Chris Duncan wanted to say thank you.
Twenty years ago, Chris’s wife, Karen Duncan, drove their black 1981 Chevrolet pickup truck into the Missouri River at Narrow’s River Park off North 25th Street, killing herself and their three children — Zachery, 8, and twins Dylan and Derek, 4.
Reflecting on the anniversary of the July 10, 2000, tragedy, Chris dropped off pulled barbecue pork, macaroni salad and chips to the crew at the Council Bluffs Fire Department headquarters station on Fourth Street. He said he wanted to let the department know how much he’s thankful for them, and he hasn’t forgotten what they did that day.
“I had to do this to let you know I appreciate what you do,” Chris told firefighters in the dining area.
“It does my heart good to give back to the fire department,” he said. “They did a lot of things that day that people shouldn’t have to experience in their life. I just wanted to show some gratitude for all they’ve done for me.”
Shortly before 5 p.m. on July 10, 2000, Karen, 33, drove the pickup off a 25-foot riverbank into the Missouri River with the couple’s three children in the vehicle. At the time, Sgt. Ray Mabbitt told the Nonpareil members of the Duncan family heard the description of the truck in a broadcast and immediately went to the scene, telling authorities who they believed the victims were.
From Nonpareil reports at the time, a number of local agencies raced to the scene, including divers from the Lewis Township, Red Oak, Ralston, Nebraska, and Clarinda fire departments. They spent hours in the water under zero-visibility conditions with strong currents looking for the truck before finding it, with Karen and Zachary and Dylan inside, around 3 a.m. on July 11. Later that morning, search and rescue personnel recovered Derek’s body near Ameristar Casino.
“It was a long night. A somber night,” said Alex Ford, now the Council Bluffs fire marshal and a medic at the time.
Ford recalled a former Navy diver with the Red Oak Fire Department played a key role in recovering the truck, which was found lodged against a tree, 25-feet deep in the treacherous river.
Retired Pottawattamie County Sheriff’s Office Deputy Larry Harlow was at the river that day. A family friend of the Duncans, on Friday Harlow said, “we couldn’t believe what had happened.”
“It was a real sad event,” he said. “ I remember sitting with (the Duncan family) at the river, crying.”
The Nonpareil reported Karen left a note addressed to her husband that she concluded by saying, “Don’t worry, your children will be in God’s hands now.”
After the deaths, the Duncan family issued a statement that said Karen had sought professional help for her depression. Relatives said she had attempted suicide multiple times before, and she had spent time in hospitals for mental health treatment as her husband and family tried to help her, according to the Associated Press. Chris had sought to keep her hospitalized longer during her final court-ordered 72-hour hold, but was denied.
“We sincerely hope and pray that other families who may be experiencing this situation will seek out and receive the help they need,” the Duncan family said in the 2000 statement.
“She was ill,” Chris said Friday. “The day she drove into the river, life changed.”
The aftermath was a struggle.
“I lived pretty hard for years,” Chris told the group of firefighters.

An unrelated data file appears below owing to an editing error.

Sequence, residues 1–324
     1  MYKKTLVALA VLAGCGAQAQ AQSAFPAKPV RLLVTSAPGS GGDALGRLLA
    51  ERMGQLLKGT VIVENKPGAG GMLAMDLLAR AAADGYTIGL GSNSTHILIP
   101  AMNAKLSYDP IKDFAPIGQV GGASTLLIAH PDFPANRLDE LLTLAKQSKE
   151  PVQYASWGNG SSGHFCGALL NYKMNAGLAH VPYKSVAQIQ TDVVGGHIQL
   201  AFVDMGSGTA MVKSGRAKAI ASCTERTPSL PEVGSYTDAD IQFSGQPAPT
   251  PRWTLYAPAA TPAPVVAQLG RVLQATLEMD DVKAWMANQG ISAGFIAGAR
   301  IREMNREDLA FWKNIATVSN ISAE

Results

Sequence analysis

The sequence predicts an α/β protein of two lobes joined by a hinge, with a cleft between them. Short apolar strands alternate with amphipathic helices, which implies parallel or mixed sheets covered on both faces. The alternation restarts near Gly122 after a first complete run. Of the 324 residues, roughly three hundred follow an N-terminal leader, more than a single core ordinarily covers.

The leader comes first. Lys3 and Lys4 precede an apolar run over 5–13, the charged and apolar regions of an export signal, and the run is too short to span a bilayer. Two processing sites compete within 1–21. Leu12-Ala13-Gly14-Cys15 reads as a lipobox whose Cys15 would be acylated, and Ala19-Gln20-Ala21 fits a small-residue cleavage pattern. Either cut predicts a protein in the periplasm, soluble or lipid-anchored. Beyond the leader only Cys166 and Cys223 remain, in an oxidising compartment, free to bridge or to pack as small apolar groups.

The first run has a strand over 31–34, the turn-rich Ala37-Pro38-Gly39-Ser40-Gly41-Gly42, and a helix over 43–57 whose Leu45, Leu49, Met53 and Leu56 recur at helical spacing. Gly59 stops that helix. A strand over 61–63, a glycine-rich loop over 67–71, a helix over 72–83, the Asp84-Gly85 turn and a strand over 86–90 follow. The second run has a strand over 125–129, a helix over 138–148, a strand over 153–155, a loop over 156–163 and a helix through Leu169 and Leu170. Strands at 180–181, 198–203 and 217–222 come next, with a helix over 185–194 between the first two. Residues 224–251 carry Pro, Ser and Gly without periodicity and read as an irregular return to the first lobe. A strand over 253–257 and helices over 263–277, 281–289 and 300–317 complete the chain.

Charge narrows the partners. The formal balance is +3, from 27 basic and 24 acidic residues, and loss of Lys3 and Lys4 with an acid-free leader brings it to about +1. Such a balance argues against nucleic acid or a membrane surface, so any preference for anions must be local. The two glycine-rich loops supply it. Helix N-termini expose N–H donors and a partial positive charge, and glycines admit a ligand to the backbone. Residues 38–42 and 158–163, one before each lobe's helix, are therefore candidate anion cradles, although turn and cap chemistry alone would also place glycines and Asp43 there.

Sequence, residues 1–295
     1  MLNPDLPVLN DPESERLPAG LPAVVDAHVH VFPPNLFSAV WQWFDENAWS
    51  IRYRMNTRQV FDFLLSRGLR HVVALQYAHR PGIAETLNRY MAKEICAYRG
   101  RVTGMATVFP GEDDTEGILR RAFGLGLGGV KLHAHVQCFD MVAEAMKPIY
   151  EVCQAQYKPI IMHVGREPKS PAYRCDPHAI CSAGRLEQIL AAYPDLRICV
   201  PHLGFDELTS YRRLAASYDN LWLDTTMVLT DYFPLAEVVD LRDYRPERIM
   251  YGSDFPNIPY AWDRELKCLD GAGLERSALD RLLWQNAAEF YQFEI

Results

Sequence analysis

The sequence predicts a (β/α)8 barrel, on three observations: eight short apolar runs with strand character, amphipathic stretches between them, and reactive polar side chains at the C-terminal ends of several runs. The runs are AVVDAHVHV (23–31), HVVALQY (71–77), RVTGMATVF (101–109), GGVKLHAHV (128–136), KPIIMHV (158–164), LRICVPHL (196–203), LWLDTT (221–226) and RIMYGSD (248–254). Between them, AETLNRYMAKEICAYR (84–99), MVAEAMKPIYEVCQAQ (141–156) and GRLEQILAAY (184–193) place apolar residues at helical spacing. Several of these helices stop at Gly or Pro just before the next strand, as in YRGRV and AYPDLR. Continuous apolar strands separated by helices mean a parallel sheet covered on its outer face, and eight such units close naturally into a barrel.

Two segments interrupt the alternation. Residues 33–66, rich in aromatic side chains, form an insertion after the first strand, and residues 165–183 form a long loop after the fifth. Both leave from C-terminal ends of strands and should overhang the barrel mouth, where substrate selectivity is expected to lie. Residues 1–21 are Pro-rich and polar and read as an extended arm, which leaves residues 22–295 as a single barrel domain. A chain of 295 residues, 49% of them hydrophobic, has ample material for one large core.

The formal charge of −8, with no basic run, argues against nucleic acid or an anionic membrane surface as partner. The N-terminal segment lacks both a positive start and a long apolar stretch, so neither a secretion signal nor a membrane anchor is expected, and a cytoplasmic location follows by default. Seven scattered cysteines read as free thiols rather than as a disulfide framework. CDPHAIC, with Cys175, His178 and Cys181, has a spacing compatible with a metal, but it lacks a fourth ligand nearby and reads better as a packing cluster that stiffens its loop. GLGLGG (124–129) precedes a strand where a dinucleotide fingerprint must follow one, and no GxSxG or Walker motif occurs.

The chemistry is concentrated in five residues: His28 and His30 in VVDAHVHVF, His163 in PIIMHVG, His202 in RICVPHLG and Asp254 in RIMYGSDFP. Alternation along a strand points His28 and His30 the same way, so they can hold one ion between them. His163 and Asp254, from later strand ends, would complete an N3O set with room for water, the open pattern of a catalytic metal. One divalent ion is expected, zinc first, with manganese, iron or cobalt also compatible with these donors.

He said things are better today.
“I’m in a great place today. I’ve been blessed by the Lord to be able to do some good things for people. Give back to the people that were there for me that day. It’s just a blessing to be able to be standing here today,” he said. “The way I lived for many years after that, not giving a (care) about anything — I’m very grateful to be alive and be able to do this for the fire department.”
Speaking with the firefighters, Chris his gratitude extends beyond the July 2000 event.
“You guys have rescued me a few times myself,” he told the group, mentioning a 2006 motorcycle crash on Valley View Drive.
“I was a complete bloody mess,” he said. “I couldn’t imagine pulling up to something like that. But that’s what you do.”
Chris said he was happy to cook for the firefighters — who in turn, were appreciative of a great meal — after spending years in the kitchen. His family operated Duncan’s Cafe in Council Bluffs for decades, while Chris had opened Duncan’s Diner in Missouri Valley in August 1999.
Chris said he still gets behind a grill on occasion, working a few days a week at the Dew Drop Inn in McClelland.
“I hope it was all good for you. I learned from my mother, so if there’s something wrong with it blame it on her,” he said with a laugh.
“She taught you well,” a firefighter responded.
As he delivered the food on Friday, Chris brought a few prepared words for the fire crew members.
“I’m here today because of God’s grace and because He has brought me to a place of healing. Over the years, I have been in awe of the way you handle the most difficult of situations and how many people’s lives you have touched,” he said in thanking the fire department personnel. “Recently, it struck my heart how difficult it had to have been for those of you who shared this evening with me 20 years ago today.”
Chris said he was humbled by what the first responders did for his family.
“You were responsible for something very difficult and you handled it with dignity and respect. For those of you who mourned along with me and prayed for me, thank you, it meant the world to me,” he said. “Today, I would like to honor you not just for what you did for me but for how you risk your lives every day to help others.”
There is help for anyone struggling with mental health challenges and suicidal thoughts. The National Suicide Prevention Lifeline, 800-273-8255, offers toll-free 24-hour assistance to those in need.